As an example we have seen prices to open a legal entity range from $5,000 to $25,000+ (US Dollars) depending on who does it for you, then there are the various registrations with all the government bodies, opening a bank account and registering foreign invested capital with the Brazil central bank plus various translations plus the trouble of getting all the documents together in your home country. Realistically the cost to open a legal entity and do all of the required work is around $6,000 at the cheaper end of the scale. We (icaabs) have a very competitive offering where this is concerned.

Then you have to think of monthly ongoing costs:-

  1. You need an address in Brazil to open a company – for a virtual type address plan on $200 a month with phone services at a minimum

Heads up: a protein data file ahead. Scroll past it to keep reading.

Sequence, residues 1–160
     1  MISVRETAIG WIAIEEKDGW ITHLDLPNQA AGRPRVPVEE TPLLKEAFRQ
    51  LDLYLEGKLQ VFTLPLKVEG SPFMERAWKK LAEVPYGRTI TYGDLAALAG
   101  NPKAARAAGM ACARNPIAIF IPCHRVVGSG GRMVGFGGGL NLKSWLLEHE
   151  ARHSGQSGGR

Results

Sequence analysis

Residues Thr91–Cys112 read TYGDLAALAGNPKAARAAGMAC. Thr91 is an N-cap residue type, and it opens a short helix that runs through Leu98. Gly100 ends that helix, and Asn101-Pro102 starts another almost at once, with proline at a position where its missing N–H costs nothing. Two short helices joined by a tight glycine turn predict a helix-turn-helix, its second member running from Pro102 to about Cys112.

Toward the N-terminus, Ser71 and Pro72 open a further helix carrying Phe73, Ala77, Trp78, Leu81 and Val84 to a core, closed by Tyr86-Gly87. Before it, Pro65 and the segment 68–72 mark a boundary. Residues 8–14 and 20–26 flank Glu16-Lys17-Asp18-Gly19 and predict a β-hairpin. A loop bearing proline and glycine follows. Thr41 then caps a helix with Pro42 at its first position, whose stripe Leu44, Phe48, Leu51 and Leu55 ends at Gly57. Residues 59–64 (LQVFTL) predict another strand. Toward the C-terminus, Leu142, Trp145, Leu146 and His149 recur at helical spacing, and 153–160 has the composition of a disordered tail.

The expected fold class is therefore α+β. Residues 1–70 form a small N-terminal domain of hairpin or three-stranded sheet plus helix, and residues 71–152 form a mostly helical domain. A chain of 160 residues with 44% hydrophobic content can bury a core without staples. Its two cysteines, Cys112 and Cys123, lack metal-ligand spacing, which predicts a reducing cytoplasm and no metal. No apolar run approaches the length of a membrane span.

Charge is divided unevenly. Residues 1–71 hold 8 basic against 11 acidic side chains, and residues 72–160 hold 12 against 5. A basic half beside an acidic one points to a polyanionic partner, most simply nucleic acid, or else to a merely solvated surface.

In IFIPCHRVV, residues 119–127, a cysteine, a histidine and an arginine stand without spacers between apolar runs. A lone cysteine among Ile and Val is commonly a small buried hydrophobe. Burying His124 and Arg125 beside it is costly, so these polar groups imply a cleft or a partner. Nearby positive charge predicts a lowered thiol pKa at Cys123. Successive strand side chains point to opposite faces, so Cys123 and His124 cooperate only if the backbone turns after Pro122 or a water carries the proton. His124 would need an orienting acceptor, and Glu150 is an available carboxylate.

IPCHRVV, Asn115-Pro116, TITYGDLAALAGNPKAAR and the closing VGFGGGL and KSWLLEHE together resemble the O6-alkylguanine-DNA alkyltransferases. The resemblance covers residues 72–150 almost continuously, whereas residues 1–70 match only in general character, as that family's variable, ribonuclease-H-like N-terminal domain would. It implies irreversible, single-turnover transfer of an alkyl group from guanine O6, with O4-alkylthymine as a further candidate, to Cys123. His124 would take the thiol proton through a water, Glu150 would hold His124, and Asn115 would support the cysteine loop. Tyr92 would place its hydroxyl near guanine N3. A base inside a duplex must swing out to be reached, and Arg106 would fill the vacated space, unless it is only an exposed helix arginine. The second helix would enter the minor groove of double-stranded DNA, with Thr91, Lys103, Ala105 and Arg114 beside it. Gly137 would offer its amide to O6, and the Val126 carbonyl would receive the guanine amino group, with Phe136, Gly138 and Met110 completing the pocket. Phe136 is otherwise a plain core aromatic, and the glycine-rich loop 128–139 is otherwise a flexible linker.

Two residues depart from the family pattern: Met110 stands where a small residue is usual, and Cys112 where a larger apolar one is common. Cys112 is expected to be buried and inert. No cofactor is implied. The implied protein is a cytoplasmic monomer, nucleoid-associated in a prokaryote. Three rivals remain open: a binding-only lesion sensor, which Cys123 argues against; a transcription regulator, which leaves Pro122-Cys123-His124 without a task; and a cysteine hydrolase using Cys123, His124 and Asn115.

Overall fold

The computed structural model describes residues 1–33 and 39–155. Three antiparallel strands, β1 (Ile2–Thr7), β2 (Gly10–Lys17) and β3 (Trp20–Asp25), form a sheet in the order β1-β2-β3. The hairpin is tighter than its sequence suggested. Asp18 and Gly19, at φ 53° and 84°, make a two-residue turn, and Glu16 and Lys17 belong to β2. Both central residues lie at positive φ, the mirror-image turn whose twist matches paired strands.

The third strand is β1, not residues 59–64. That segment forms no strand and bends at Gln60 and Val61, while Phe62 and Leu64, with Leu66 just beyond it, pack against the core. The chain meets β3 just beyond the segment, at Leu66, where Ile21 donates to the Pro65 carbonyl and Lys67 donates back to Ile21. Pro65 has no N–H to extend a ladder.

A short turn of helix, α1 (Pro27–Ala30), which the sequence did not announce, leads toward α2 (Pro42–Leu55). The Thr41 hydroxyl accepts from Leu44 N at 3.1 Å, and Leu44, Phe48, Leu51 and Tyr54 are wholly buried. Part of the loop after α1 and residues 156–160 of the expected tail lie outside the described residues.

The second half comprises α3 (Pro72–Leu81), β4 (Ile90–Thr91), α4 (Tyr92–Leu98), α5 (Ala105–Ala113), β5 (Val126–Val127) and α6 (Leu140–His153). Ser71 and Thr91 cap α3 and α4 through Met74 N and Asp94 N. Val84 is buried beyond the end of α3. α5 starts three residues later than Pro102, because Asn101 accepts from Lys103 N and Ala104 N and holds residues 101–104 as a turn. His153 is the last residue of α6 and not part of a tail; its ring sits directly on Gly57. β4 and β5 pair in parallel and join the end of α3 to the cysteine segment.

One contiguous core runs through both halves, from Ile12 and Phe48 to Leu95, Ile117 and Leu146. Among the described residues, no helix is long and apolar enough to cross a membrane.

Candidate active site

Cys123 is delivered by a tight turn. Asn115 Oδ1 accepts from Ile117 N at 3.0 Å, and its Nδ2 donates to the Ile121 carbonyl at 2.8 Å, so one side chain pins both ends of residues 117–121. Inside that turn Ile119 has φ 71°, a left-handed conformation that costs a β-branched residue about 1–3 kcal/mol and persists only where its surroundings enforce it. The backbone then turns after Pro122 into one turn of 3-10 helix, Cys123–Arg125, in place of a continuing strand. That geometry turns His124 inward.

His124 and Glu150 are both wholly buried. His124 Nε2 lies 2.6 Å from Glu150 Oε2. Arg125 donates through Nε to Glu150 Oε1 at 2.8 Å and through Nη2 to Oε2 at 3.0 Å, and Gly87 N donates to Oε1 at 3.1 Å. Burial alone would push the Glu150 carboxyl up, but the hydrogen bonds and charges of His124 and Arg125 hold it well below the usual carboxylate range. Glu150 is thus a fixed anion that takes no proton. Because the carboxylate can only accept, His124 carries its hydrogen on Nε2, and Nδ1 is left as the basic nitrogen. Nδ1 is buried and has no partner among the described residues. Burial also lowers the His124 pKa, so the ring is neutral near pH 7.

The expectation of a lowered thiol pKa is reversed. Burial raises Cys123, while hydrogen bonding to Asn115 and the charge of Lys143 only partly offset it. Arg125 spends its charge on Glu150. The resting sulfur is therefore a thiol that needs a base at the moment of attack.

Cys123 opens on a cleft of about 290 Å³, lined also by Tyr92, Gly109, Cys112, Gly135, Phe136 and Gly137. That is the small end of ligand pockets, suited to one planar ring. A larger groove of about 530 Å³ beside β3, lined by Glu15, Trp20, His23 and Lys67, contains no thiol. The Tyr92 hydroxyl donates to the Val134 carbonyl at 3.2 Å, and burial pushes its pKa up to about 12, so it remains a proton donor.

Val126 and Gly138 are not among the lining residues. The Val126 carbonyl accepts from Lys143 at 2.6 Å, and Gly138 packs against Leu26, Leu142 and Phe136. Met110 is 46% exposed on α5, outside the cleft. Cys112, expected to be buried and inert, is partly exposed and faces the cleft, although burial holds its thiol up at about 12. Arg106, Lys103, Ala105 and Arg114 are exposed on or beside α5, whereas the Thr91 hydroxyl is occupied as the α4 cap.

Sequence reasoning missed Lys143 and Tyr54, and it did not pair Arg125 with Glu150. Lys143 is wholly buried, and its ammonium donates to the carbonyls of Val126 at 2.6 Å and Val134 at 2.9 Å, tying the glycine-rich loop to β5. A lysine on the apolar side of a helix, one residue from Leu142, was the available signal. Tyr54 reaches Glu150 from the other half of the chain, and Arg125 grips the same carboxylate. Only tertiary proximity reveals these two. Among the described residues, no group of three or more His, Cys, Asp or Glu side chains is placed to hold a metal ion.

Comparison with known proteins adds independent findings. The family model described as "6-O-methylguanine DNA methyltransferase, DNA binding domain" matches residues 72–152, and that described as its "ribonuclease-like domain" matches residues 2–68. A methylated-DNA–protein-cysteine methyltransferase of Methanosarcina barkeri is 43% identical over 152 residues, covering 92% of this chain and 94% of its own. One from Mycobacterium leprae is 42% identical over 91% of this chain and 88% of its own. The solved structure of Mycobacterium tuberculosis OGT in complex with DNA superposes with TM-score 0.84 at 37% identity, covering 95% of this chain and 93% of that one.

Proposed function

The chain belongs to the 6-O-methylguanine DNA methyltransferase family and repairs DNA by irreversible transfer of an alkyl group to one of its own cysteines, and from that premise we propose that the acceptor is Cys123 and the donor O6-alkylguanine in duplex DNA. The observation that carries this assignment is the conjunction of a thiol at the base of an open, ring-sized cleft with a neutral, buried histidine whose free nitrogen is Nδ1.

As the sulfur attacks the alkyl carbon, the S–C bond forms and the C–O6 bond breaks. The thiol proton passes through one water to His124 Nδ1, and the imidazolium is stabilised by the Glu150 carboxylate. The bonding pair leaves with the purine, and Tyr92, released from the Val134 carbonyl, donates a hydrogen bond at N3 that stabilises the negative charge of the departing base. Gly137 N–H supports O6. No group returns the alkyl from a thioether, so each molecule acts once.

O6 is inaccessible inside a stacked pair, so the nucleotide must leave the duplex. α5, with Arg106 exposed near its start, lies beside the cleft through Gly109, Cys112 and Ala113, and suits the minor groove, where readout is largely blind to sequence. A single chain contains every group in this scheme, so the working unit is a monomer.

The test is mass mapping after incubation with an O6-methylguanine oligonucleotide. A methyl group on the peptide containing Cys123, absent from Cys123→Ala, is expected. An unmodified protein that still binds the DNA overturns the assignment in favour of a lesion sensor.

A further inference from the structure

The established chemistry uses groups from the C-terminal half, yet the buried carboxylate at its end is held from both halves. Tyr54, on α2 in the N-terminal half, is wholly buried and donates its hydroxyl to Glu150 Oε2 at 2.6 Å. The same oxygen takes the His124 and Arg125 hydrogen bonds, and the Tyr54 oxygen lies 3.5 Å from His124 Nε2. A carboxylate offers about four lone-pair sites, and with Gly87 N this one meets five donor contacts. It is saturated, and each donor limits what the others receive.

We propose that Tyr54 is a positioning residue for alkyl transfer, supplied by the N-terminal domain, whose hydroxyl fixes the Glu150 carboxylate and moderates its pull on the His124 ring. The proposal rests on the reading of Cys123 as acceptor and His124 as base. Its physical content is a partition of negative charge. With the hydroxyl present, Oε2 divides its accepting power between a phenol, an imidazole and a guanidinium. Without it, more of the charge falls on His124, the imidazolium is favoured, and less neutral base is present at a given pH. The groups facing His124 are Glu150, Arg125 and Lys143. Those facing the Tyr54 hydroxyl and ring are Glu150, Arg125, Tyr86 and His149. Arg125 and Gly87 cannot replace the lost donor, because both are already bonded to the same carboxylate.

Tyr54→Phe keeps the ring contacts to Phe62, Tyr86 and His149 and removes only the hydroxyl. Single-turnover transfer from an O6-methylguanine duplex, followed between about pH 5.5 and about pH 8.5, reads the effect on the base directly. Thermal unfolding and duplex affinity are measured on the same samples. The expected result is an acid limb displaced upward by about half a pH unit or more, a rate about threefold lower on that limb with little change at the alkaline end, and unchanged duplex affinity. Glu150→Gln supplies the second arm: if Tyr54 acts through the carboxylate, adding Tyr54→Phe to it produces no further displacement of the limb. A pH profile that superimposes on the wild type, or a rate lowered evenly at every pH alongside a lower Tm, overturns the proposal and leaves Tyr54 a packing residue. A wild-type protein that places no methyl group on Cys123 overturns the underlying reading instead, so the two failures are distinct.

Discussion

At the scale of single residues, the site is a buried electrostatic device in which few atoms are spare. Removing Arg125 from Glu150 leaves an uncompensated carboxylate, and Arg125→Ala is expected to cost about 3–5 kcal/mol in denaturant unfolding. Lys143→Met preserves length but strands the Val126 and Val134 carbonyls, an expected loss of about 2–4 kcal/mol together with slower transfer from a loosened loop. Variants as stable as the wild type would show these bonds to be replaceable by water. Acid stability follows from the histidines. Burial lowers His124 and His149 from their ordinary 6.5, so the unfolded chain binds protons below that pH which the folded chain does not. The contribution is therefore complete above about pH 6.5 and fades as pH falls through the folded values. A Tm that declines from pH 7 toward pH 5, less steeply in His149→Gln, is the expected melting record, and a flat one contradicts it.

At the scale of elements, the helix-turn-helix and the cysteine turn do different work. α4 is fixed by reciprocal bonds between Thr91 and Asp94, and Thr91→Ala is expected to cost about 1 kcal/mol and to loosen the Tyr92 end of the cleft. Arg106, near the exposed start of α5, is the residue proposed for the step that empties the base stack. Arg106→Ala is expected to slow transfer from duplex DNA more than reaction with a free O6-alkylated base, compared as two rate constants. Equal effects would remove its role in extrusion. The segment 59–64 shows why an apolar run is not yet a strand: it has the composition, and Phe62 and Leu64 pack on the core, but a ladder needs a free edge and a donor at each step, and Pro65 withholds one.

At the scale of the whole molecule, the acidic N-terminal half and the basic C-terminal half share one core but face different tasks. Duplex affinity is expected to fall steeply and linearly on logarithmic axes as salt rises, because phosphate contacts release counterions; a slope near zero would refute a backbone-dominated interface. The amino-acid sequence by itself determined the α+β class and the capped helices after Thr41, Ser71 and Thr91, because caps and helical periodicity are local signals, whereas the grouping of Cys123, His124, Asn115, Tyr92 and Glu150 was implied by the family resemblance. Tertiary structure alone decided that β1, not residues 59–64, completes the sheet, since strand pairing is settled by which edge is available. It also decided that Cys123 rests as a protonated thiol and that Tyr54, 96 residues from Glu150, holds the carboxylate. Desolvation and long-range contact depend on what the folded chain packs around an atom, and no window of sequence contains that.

2. You need a permanent Brazilian resident as a shareholder or legal representative – this is usually a short-term measure until you have your first senior employee but you can plan on anything between $500 and $25,000 per month for this. Again we (icaabs) have a competitive offering here.
  3. You need someone to do all of your fiscal/tax/accounting etc on a daily/monthly/annual basis – with minimal transactions and maybe 1 or 2 employees you can budget on $700 a month and upwards, again we (icaabs) have a competitive offering in this respect.

So in summary a new entrant can look at spending in their first year an absolute minimum of:

  • Up front costs $6,000
  • Say 6 months of a Permanent Brazilian representative $3,000
  • 12 months virtual address $1,200 – THIS DOES NOT GET YOU AN OFFICE – if you need a warehouse then it is obviously much higher! Although we (icaabs) do have some reasonably priced solutions.